How genes shape birdsong, even when birds grow up far from home


With the arrival of spring, a timeless ritual begins anew: male birds fill the air with song, seeking to attract mates and defend their territories from other competing males.

But there is a lot we still don’t understand about how birds learn which sounds to sing. Our latest study offers new insights and suggests genes may play a more important role than scientists realised.

In nearly half of the world’s bird species, young birds learn by imitating the songs of adults. As birds learn songs from one another, mistakes inevitably happen, leading to variation in songs between populations of the same species, similar to the formation of dialects in human languages.

Female birds usually prefer males that sing songs typical of the local population, as it may show that they are well adapted to the nearby environment. Additionally, songs are crucial for defending territories. Male birds singing foreign songs often struggle to hold onto territories against local competitors.

This potential role as a mating and social barrier is why there has been a long-standing hypothesis that song differences can drive the formation of a new species.

However, scientists don’t yet fully understand what happens to these song differences when birds move between populations. Imagine you’re a local bird, and a newcomer arrives singing a foreign song. What’s to stop you from learning this new song? If enough local birds learn the songs of newcomers, it could erase the song differences between populations, and thus the mating barrier.

But birds tend to only learn songs from their own species, even when they are exposed to the birdsong of other species. This suggests that birds have genetic predispositions guiding them to learn only “appropriate” songs. So far, these genetic predispositions have only been shown to limit song learning from different species.

This raises an interesting possibility. Could these genetic predispositions also restrict song learning within the same species — and could it explain why some song differences are maintained across different populations of the same species?

There are a few lab-based studies that have explored this idea. But it has rarely been tested in the wild, where birds are exposed to songs from different populations and species.

That’s why we wanted to see whether these lab results would hold true if we took the test into the field.

Into the wild

In the spring seasons of 2017-2019, we translocated eggs of pied flycatchers (a small migratory songbird that breeds widely across Europe) from their nests in the Netherlands to a population in Sweden. We carefully transported these eggs to their new home, where they were placed in Swedish nests and eventually, raised by Swedish parents. Come winter, these translocated birds fledged and made the long journey to their wintering grounds in Africa, along with their Dutch and Swedish counterparts. With the return of spring, they flew back to Sweden, now as adults with fully formed songs, ready to find potential mates.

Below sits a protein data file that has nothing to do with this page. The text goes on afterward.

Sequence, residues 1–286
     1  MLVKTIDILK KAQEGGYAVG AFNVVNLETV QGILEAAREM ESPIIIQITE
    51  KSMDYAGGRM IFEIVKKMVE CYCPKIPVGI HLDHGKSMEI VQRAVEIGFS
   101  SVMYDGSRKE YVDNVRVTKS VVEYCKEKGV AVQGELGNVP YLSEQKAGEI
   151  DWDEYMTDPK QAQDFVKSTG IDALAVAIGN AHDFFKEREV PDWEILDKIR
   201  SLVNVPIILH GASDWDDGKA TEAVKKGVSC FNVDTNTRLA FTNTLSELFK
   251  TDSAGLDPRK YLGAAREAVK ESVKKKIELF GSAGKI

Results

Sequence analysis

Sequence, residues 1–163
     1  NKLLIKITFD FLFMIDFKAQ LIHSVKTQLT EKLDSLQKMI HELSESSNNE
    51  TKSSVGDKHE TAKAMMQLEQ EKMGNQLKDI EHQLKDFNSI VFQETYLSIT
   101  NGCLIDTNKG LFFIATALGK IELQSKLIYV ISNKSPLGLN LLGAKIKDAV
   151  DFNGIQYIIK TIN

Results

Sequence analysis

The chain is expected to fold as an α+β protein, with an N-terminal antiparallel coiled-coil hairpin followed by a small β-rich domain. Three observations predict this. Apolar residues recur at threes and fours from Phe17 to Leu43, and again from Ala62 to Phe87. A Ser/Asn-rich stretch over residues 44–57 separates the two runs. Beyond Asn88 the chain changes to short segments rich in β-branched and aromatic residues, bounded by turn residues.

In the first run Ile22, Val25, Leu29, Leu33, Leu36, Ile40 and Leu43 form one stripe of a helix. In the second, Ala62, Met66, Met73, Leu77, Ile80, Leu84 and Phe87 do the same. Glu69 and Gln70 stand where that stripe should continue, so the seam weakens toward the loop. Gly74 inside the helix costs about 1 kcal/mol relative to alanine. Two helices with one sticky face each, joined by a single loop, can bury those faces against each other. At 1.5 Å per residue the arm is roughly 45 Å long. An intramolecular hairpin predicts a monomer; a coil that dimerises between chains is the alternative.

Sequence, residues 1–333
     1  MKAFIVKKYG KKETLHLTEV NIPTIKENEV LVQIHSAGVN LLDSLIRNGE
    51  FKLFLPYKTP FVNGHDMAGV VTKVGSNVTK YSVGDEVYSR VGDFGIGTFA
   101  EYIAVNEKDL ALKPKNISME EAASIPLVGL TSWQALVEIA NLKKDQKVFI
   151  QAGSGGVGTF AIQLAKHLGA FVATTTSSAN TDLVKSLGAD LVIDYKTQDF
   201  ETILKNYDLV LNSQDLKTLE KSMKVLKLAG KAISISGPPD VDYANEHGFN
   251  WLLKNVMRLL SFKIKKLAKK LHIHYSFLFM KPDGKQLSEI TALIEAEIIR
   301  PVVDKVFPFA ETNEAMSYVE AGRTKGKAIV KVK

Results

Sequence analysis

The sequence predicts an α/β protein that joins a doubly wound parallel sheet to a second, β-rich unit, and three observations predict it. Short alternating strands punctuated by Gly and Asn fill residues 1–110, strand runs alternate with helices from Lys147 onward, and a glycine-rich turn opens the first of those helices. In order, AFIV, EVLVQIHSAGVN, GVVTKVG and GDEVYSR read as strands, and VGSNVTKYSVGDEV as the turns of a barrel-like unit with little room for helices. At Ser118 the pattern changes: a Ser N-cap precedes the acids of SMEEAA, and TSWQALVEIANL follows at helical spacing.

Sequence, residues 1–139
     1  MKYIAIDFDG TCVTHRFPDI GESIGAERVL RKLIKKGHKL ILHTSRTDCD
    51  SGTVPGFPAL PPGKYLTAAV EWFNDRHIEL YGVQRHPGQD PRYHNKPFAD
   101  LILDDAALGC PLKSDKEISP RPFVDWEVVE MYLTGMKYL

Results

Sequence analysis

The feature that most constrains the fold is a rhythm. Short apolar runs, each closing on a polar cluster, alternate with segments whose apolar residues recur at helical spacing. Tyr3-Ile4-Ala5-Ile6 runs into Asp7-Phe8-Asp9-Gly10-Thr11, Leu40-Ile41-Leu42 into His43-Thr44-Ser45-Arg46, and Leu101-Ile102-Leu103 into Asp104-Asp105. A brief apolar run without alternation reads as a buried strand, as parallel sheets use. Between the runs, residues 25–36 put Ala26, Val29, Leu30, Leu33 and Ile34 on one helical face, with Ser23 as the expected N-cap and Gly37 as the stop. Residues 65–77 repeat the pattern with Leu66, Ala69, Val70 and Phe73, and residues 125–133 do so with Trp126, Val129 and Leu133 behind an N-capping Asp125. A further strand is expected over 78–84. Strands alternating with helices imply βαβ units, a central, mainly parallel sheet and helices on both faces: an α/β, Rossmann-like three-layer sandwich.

A male pied flycatcher, perhaps looking for a mate.
Jesus Giraldo Gutierrez/Shutterstock

We recorded the songs of these birds and compared them to the songs of their local Swedish environment where they were raised. We also compared them to songs of their ancestral Dutch population. Overall, songs of translocated males resembled songs of the Swedish population.

This came as no surprise, since we know that social learning plays a crucial role in song development for pied flycatchers. However, we discovered that translocated males did not just learn any Swedish song element — they learned those elements most similar to their ancestral Dutch population. This meant their songs did not completely overlap with Swedish ones but resembled both Swedish and Dutch songs. This suggests that the translocated males are genetically predisposed to learn songs of their ancestral Dutch population.

These findings show how genetic differences within a species can effect cultural change. We think that as songs continue to diverge between these two populations, the genetic predispositions should also become more distinct. Eventually, birds from the local population may not recognise immigrants from other populations as part of their own species as regional variations tend to become more pronounced over time. This co-evolution between genes and songs may reduce the likelihood of birds from different populations mating with each other, driving the formation of new species.



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